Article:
Looking beyond “Naya Pakistan,” Imran Khan’s slogan and pledge during his successful 2018 campaign, the phrase also points at the fresh interest Pakistan has created in the academic world over the last two decades. Pakistan is a relatively new country, an acronym for the different ethnic groups residing in South Asia’s “Muslim haven” and whose difficult birth coincided with the tragic partition of the British raj. Right from its historical inception, Pakistan has produced a series of conundrums, uncertainties and contradictions which historians and writers alike have interrogated, starting with its very raison d’être: the founding father Mohammed Ali Jinnah’s assertion that, as bearers of a distinct religion in India, they were, as a consequence, South Asia’s sole custodians of a separate and potentially sovereign political identity. But this assertion could not resist the test of time. The Kashmir question and the conflicts with its Indian neighbour, the second partition of 1971, its involvement in the Soviet-Afghan war, the separatist tensions in Baluchistan and Khyber Pakhtunkhwa, have largely put into question the myth of Pakistan’s territorial and ethnic unity. Moreover, the question of religious minorities (Christians, Ahmadis, Shias) and their marginal status in society, not to mention their occasional persecution, has also challenged the notion of religious unity.
 
The following questions can be used as a series of guidelines for proposals and lines of research:
 
“Why Pakistan?” could be the occasion for examining its history and founding ideology, how that has evolved, and what the future might bring.
 
“Who?” could relate to the culture and identity of present-day Pakistan, probing the notion of common citizenship.
 
The place of Islam as a political marker, including but not limited to Zia ul Haq’s dictatorship.
 
The central place played by the Army.
 
The new Pakistan novel in English. Recently, a whole generation of anglophone novelists have risen to the challenge of representing the complexities of Pakistani society and its place in the globalized world: their writing is both an illustration of postcolonial literature and a clean departure from its traditional problematics, as critics (Paul Jay 2010) define the new literature of Pakistan as “post” postcolonial literature. The novels of Kamila Shamsie, Mohammed Hanif and Mohsin Hamid belong to that category, embracing the transnational without totally departing from postcolonial issues. The role and place of Kamila Shamsie, Mohammed Hanif, Mohsin Hamid, Nadeem Aslam, Uzma Aslam Khan, Sorayya Khan Bina Shah, but also the ‘new’ new generation of novelists: H.M. Naqvi, Osama Siddique, Omar Shahid Hamid, Mahan Khan Philips…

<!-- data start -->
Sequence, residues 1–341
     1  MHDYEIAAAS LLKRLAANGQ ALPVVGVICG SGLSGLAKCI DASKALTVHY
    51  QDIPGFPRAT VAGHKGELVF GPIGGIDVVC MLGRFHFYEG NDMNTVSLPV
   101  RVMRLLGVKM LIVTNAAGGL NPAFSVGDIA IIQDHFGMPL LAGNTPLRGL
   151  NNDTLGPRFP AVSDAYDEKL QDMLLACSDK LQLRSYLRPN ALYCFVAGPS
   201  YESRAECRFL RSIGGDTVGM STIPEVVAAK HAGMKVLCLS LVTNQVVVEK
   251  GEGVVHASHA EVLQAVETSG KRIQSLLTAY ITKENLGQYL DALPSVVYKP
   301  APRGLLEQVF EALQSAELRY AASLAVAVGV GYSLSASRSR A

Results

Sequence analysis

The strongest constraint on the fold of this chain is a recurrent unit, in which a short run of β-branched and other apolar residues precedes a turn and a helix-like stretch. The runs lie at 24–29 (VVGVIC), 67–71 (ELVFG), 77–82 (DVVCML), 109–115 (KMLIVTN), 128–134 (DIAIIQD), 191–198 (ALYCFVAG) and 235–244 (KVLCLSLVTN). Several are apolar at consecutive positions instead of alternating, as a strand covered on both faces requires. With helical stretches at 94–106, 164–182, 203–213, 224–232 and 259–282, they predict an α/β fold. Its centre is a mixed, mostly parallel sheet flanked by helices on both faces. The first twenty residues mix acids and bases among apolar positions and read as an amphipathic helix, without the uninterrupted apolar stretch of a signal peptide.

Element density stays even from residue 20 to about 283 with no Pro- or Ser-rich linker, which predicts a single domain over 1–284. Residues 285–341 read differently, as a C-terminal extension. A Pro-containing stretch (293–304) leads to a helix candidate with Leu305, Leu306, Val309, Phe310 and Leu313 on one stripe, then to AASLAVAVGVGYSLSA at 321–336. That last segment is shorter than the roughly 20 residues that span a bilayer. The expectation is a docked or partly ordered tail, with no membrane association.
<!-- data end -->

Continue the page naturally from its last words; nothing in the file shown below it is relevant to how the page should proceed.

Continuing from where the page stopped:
Submission procedure
The language of publication is English.  Since Angles welcomes experimental research, different formats are not only accepted, but encouraged: standard written texts, multimedia presentations including music, drama, photography, poetry readings and such… All disciplines are welcome, whether from academic, literary, creative visual arts or other perspectives, dealing with history, politics, economics and other disciplines, as can be seen from the journal’s philosophical statement: https://journals.openedition.org/angles/532
 
All textual materials must be submitted through the dedicated submission website: https://angles.parisnanterre.fr/index.php/angles/submissions
 
For submission of material in non-traditional format (video, audio), please contact the guest editors for guidance.
 
Abstracts must be submitted by 15 March 2021. This stage is optional, but makes it possible to provide potential contributors with early feedback.
 
Complete contributions must be submitted by 15 June 2021.
 
The issue is scheduled for publication on 1st November 2021.
 
Queries
Please direct any queries to the guest editors for this issue:
 
Paul Veyret, Bordeaux Montaigne University, Paul.Veyret@u-bordeaux-montaigne.fr
 
David Waterman, La Rochelle University, david.waterman@univ-lr.fr

paul.veyret@u-bordeaux-montaigne.fr

Paul Veyret